Good Fences Make Good Neighbors
Can movement through space be taken for granted? Indeed it can.
Weiwei uses his exhibit, Good Fences Make Good Neighbors, as direct confrontation of the global refugee crisis, focusing on the urge to construct fences upon borders, thus impeding the flow of bodies through what once was open air.
Bus stops are encased in perforated steel structures so deceptively simple they could easily go unnoticed. Streetlamp banners in black vinyl hang in the hundreds throughout the city depicting faces of famous immigrants and exiles - the images produced by perforation, the faces emerging and disappearing depending on the angle of the approach, the light, the distance. The same strategy of perforation used on shade canopies at Essex Market - at the right time of day the sun creates shadows of the images on the sidewalk, mythic and historical migrations breaking way upon the pavement. Screens and ad-space in subway kiosks project iPhone-captured footage of Weiwei’s experience in refugee camps, concurrent with the release of his documentary, Human Flow.
The stars of this citywide exhibit occur in three: two birdcage-like structures in Central Park and Washington Square, and an enormous circular net surrounding the Unisphere in Queens. Gilded Cage in the Doris C. Freedman Plaza in Central Park plays a wondrous trick on the viewer: it creates the desire to enter the circular surrounding portion of the cage which is entirely inaccessible, but which contains the interlaced turnstiles typical of subway thresholds that would make it seem it is meant to be walked through. A prison, a jungle gym, a dandelion-colored cage creating a yearning to enter that which cannot be entered: playfulness has been here subverted, urges dashed like those of would-be migrants withheld by humanity’s insistence on borders.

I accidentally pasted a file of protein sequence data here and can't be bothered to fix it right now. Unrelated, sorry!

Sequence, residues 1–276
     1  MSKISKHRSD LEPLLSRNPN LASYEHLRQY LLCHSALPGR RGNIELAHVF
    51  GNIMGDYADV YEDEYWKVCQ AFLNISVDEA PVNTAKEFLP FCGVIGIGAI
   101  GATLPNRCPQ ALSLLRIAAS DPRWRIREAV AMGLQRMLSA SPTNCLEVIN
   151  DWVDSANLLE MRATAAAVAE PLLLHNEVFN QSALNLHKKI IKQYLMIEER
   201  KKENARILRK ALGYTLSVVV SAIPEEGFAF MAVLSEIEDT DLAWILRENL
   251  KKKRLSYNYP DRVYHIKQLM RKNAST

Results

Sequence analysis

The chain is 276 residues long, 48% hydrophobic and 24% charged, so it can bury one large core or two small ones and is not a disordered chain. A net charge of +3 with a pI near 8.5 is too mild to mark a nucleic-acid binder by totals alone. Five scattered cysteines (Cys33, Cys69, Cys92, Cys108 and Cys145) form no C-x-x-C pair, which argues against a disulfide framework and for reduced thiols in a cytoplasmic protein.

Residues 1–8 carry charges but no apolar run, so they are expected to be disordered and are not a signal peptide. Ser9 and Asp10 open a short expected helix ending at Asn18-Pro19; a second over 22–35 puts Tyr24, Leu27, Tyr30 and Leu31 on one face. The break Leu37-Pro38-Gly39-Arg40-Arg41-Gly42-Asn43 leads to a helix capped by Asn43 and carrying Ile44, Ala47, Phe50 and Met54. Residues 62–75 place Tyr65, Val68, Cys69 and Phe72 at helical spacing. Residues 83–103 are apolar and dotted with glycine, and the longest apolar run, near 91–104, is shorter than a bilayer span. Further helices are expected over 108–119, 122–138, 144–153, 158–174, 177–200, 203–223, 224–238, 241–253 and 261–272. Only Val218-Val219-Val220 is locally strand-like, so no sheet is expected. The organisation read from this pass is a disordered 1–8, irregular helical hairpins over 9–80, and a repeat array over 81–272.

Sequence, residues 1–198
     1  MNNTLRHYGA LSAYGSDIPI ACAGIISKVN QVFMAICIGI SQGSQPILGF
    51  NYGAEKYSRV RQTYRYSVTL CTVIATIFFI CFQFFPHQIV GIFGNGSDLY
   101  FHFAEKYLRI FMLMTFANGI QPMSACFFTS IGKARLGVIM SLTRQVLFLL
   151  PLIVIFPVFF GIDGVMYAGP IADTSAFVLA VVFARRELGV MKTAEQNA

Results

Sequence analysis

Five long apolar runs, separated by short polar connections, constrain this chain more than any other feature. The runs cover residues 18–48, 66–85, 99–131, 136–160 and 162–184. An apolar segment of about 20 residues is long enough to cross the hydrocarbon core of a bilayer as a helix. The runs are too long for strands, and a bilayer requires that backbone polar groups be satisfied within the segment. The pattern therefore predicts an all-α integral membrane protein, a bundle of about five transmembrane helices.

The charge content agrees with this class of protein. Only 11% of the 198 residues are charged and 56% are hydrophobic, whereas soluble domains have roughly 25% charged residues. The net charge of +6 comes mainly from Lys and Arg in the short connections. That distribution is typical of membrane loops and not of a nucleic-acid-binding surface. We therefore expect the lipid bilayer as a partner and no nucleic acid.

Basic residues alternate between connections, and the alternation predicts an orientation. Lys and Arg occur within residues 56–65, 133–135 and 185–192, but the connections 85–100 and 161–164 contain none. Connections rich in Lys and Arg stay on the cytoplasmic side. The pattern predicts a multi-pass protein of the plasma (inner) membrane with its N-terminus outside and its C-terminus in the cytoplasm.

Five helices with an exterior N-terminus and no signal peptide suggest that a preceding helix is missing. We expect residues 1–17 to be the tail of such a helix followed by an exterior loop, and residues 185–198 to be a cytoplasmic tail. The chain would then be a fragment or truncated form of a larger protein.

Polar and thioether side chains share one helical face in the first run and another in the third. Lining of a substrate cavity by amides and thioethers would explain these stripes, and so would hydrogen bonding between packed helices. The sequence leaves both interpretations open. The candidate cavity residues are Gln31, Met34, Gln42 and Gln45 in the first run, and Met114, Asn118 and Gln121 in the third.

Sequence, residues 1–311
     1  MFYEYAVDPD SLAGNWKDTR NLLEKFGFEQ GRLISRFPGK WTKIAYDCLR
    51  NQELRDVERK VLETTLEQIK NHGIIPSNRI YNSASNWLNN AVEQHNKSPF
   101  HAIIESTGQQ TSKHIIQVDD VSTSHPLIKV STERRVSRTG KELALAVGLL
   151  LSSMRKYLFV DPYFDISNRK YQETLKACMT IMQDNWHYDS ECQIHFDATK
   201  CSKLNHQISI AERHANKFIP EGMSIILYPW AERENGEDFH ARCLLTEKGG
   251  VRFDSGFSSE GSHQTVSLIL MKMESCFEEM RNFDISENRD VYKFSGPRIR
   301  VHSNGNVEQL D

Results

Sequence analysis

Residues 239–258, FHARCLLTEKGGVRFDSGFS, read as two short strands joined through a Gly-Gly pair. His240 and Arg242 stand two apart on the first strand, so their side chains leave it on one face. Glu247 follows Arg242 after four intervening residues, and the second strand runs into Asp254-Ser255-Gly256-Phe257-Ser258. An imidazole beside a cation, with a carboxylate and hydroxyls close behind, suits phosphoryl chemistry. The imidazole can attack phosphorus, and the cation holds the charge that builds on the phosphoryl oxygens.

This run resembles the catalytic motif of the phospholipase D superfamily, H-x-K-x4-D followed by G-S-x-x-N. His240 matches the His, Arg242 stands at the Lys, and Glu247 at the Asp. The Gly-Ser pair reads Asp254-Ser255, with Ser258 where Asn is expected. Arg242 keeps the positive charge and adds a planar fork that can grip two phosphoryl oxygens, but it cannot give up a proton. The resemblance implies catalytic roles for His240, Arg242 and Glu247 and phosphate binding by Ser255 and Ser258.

Arch plays a different trick, the stainless steel cage informed by the shape of the iconic archway in Washington Square, the cage pierced by a shimmering tunnel in the shape of the silhouette of two larger-than-life figures leaning on one another, the two dimensional cutout extended in mirror-polished steal that creates a funhouse effect when walked through. Weiwei himself frequented this park in his younger days, as well as one of his great influences, Marcel Duchamp, from whom he borrowed the shape of the silhouetted tunnel and who also played chess in Washington Square in ages past.
It was entirely appropriate that the press conference included a bus tour, a kind of adult field trip complete with snacks to calm our grumbling bellies. When stopping to observe one of the sculptural bus stops, chirping children in florescent vests hopping over a puddle and being shepherded across the street to the park were a kind of perfect backdrop to the artwork, which is intentionally enmeshed in the fabric of the city.
Same for Circle Fence, an infinity net which molds around metal circles and isosceles triangles reminiscent of a playground, at its lowest point a hammock, at its highest a barrier, encircling the breathtaking Unisphere, all of it backgrounded by the cheerful twinkling of an ice cream truck - some of the press succumbing to temptation. The temptation to lie down upon the net was succumbed to by nearly all; and again this desire to enter the tube of the netting, to climb within the obstacle course, again the solemn reality of its impossibility - an incredibly successful minimalist sculpture crystallizing the feeling of restriction imposed by a border, while simultaneously celebrating a planetary unity and child-like playfulness. The choice of Queens was important; they say it is the most diverse urban neighborhood on Earth, after all.